It's hard to imagine a more apropos setting for one of the world’s most magnificent maritime art and antiques shops than a converted lighthouse on Cape Cod’s South Shore. This is exactly what you’ll find at Hyland Granby – a most unusual, 12,000sq ft store-cum-museum-cum-library sprawling across not only the whitewashed Hyannis Light, dating from 1849, but also a lighthouse keeper’s house and a magnificent barn filled with nautical artefacts from around the world.
Overlooking the Nantucket Sound, the home and workspace of collector-curator-scholars Janice Hyland and Alan Granby perfectly showcases their ever-changing display of rare objects. Gallery-like rooms feature a mix of the pair’s personal pieces – Wallace Nutting Windsor chairs, an astronomical telescope c1870 and James Parkes & Son beadwork tillers – with hundreds of artworks that are for sale.
One can spend hours meandering through the various spaces: simple white walls and Eagle Kazak rugs enhance the maritime collection that begins in the “drugstore room”, which features original cherrywood panelling from the Clough & Shackley Apothecary in Boston, and meanders into a nearby kitchen featuring a marble oyster bar salvaged from an old fish market. Such intriguing spaces house everything from Nantucket lightship baskets (set of eight nesting, $90,000) to vintage America’s Cup images ($300-$8,500), as well as early-20th-century photography by Beken of Cowes ($500-$7,500).
The highlights of nautical painting – racing scenes by James Buttersworth ($125,000-$750,000) and Continent by Liverpudlian artist Duncan McFarlane ($75,000) – hang next to works by China Trade artists, who were hired by sea captains to paint their vessels while abroad. Exquisite boxwood ship models, crafted by French prisoners of war for the British nobility, are coveted by billionaires and museums alike, while scrimshaw pieces, including a Susan’s Tooth (made by Nantucket whaler and master scrimshaw artist Frederick Myrick on board the whaling ship Susan), are nearly impossible to find elsewhere and serve as lasting examples of the fine art of whale bone carving.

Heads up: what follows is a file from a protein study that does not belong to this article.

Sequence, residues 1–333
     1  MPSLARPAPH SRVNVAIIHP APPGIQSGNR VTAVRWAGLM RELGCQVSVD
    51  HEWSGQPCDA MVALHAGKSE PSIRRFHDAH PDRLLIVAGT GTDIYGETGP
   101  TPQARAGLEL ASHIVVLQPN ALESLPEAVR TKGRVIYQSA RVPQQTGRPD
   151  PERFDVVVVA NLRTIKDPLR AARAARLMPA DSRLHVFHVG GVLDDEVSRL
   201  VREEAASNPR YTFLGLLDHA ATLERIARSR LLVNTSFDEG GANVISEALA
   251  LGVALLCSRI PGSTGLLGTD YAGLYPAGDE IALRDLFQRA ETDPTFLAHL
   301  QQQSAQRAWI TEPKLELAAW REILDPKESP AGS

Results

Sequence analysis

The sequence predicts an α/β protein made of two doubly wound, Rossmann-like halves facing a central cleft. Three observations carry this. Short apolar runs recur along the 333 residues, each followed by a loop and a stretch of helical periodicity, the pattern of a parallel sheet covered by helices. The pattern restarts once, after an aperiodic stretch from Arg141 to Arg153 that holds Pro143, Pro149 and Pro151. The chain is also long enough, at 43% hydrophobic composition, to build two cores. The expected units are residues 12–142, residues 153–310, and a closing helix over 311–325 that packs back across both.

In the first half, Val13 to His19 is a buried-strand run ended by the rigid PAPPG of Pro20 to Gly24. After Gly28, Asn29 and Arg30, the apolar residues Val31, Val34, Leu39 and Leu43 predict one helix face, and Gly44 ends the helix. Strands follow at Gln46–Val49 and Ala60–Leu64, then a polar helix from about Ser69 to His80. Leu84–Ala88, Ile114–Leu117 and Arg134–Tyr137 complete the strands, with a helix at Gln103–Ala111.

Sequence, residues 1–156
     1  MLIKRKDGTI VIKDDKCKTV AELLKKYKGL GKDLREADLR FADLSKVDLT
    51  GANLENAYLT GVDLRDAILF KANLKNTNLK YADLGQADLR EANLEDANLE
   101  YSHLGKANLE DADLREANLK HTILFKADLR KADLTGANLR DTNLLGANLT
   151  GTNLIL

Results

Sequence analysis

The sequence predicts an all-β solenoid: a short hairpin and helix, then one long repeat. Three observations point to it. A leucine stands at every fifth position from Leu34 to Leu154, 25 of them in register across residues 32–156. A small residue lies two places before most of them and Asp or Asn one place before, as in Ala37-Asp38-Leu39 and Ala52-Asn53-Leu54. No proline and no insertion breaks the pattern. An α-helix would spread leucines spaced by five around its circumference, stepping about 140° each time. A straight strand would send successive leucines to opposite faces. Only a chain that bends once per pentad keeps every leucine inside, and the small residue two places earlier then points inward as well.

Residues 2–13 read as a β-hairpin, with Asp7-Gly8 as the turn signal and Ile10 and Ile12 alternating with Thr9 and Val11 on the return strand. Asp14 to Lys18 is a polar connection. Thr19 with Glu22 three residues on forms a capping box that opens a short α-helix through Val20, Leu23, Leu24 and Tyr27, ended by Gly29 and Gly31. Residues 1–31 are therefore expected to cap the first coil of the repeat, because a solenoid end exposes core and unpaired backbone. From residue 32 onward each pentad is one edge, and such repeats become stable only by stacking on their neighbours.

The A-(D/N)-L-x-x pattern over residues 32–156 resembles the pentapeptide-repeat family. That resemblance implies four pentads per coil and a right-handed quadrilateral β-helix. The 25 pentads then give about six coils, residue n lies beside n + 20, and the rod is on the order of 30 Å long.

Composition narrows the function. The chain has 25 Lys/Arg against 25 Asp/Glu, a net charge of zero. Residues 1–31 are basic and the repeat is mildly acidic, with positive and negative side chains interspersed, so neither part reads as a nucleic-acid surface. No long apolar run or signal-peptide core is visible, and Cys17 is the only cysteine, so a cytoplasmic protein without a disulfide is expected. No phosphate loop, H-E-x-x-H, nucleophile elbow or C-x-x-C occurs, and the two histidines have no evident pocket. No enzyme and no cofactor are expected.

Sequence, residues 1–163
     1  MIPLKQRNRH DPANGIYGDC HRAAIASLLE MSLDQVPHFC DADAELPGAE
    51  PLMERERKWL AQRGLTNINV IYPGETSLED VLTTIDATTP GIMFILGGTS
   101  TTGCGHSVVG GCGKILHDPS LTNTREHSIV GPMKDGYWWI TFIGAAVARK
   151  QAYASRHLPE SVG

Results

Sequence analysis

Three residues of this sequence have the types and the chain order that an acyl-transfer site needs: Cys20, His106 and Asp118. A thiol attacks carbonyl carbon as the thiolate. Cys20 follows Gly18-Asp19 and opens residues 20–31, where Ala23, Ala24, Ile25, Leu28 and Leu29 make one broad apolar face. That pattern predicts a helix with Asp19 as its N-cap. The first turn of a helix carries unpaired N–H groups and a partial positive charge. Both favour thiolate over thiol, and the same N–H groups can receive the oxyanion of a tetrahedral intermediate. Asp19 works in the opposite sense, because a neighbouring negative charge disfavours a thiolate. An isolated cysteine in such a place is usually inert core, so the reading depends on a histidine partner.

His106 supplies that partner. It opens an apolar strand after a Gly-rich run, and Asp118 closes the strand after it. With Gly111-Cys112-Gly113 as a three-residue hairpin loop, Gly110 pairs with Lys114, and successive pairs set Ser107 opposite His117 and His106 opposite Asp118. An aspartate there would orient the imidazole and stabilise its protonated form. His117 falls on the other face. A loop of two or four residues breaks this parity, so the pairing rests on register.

Rounding out the exceptional offerings are a classical giltwood girandole mirror ($32,000), campaign furniture from China and India ($5,500-$15,000), ships’ figureheads, flags and sextants. A regulator clock by Edward Dent ($60,000) – “clockmaker to the Queen” and maker of Big Ben – as well as assorted ships’ clocks ($1,000-$50,000) are worthy investments. Of particular interest to Granby are marine watches with complex movements by Rolex, Patek Philippe and FP Journe ($5,000-$140,000), and the inventory here is constantly updated with unusual models.
“All the things we offer have a natural integrity,” explains Granby. “Not everything is signed or blue chip, but we do like to sell things that have a higher potential for investment.” No wonder then that the Hyannis Light is now a beacon for both maritime art collectors and scholars.